The plastic bag fiasco of Coles and Woolworths provides lessons worthy of a business school case study. There are lessons to be learned here about how to communicate and implement change, how to support staff, how to align commercial and social interests, and how to plan programs so they don’t collide.
And also, that large-scale behavioural change is hard. Companies need a strong backbone. Complaints are always going to happen. Customers are weaned on a diet of ‘I’m right’ entitlement, and are always going to pounce on the inconvenience and trumpet their displeasure across social channels and into the ears of waiting media.
People didn’t like using seat-belts either, and now few would get in a car without wearing one. It took legislation and enforcement to drive the shift, but we got used to it. Let’s face it: a wholesale change of entrenched behaviours will always be uncomfortable. So pretending there’s a way to neatly avoid what you simply have to go through isn’t helpful.
So I’m not going to dissect the ins and outs of what Coles or Woolworths could or should have done. I do encourage them to stick with the current plan and get rid of all plastic bags at the end of the month. People will get used to it, and they have too much people want for them to go elsewhere.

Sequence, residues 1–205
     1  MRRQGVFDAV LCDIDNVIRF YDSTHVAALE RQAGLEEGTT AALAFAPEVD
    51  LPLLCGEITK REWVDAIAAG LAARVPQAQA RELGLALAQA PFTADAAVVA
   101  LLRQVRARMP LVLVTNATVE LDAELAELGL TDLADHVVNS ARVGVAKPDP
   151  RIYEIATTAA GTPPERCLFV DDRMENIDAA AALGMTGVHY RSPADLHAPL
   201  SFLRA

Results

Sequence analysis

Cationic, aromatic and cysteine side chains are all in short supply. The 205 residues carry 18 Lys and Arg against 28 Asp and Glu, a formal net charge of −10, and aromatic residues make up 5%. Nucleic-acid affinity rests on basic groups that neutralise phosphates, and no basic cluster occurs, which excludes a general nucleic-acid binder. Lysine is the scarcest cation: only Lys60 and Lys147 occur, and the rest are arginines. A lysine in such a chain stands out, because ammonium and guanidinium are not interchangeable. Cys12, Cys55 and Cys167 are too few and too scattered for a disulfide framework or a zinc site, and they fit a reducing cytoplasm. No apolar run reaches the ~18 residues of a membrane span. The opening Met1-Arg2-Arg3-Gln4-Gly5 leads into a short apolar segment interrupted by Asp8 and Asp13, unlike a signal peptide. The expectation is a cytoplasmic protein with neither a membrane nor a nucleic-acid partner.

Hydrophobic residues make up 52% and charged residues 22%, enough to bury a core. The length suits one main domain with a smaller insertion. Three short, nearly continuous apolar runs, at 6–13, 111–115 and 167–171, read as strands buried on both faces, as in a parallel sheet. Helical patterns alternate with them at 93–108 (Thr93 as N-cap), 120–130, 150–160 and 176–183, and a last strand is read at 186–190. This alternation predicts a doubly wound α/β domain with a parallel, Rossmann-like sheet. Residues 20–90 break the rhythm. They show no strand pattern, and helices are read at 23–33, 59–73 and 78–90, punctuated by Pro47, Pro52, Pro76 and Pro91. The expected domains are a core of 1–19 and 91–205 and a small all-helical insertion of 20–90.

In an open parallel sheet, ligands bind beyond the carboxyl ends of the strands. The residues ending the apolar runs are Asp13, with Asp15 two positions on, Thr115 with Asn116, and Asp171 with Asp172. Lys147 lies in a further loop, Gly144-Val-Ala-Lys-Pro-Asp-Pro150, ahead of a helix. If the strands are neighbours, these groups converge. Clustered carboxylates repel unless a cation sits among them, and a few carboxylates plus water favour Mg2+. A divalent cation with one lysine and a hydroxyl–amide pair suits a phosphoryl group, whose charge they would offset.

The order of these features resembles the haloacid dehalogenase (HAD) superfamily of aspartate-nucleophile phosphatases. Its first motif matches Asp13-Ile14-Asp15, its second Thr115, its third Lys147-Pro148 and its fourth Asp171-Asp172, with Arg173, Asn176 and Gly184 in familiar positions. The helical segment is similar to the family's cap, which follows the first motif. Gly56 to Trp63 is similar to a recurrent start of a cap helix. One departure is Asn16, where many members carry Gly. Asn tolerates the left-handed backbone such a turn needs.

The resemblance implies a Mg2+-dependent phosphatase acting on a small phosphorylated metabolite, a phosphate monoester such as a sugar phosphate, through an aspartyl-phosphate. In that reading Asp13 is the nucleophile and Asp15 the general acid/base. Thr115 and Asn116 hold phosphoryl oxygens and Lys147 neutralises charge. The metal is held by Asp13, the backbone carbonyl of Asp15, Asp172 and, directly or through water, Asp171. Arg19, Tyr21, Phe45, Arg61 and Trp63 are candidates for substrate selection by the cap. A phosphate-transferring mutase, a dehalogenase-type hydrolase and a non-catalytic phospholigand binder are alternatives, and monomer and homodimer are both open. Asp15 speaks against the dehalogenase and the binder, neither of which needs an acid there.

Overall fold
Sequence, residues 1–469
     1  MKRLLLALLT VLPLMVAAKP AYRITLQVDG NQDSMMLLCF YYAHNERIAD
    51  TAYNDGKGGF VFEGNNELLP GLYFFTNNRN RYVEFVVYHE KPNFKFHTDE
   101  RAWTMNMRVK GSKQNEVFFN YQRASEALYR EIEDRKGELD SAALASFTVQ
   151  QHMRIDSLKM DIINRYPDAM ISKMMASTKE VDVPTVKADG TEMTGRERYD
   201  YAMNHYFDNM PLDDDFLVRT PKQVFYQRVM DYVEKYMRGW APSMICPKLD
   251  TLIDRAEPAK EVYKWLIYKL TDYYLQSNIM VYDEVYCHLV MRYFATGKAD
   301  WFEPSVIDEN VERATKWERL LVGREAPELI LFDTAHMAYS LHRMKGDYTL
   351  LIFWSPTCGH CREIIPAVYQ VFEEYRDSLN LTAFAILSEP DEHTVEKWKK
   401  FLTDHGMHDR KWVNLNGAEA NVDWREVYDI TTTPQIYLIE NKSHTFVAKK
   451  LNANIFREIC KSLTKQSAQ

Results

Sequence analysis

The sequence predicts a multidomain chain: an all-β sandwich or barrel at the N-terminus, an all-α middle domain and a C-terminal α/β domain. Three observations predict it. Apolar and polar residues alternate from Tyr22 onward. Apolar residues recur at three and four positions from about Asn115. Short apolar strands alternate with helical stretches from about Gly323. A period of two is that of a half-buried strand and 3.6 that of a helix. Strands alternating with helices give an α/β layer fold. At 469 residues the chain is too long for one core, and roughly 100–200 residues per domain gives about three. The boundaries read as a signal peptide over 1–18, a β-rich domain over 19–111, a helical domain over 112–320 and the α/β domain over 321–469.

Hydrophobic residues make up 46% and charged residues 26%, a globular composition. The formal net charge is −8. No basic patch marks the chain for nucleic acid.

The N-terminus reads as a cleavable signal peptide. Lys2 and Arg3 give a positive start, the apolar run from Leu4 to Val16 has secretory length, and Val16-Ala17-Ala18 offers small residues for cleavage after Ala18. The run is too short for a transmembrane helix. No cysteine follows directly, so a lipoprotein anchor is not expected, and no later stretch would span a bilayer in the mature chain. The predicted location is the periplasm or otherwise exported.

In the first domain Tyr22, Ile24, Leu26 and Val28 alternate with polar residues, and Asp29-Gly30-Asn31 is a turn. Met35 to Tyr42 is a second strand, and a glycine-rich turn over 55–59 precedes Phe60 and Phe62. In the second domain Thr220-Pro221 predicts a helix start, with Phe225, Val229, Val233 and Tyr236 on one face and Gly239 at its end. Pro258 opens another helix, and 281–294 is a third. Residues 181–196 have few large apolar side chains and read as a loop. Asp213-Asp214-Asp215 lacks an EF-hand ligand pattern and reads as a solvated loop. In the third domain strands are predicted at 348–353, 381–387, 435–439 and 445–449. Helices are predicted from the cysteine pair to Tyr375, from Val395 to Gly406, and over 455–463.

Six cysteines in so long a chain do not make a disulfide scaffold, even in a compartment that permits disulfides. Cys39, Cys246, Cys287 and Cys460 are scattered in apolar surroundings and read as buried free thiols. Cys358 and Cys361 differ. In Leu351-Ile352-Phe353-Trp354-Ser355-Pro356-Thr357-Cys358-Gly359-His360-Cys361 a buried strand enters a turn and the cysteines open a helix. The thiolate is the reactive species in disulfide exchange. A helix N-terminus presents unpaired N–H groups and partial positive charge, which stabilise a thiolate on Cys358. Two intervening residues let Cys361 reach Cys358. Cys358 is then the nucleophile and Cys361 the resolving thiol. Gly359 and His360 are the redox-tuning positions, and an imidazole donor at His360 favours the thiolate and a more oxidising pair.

Behind the issue sits a different takeaway. When the small things can cause an uproar, the stakes for the big things are even higher. So make sure your decision is deeply rooted in what’s most important to you or the will to withstand will falter when the winds of public opinion howl.
To learn more about why customers and company’s should be kinder to each other, click here.
I wonder how many of us would have the fortitude to withstand those howls. When customers are berating your staff, or when social comments and media are beating on the door of your decision, would you?
It’s easy to sit and throw stones when organisations don’t, and I often demand they think harder and do better on this kind of stuff. The demand fronts a need for some deep work to understand their organisational identity (purpose and values).
“We do what we care about,” says Patagonia founder Yvon Chouinard. This is something they amply demonstrate and I’ve observed as true too many times to count. On the other hand, if you really don’t give a damn one way or the other, it’s too easy to flip and avoid the friction.
Absent that grounding, capitulating becomes a valid option. But you can’t please everyone and sometimes you can barely please anyone no matter what you do. This is exactly the situation the supermarkets have found themselves in. Berated by customers, their flip led to a reverse hiding from proponents of the plastic bag ban, leading to another flop. Unmoored, they couldn’t avoid the battering, with Coles taking the brunt.
If you have any stories about a time you stuck to the hard road of something you believed in despite unhappy customers, I’d love to hear them.
See you next week.
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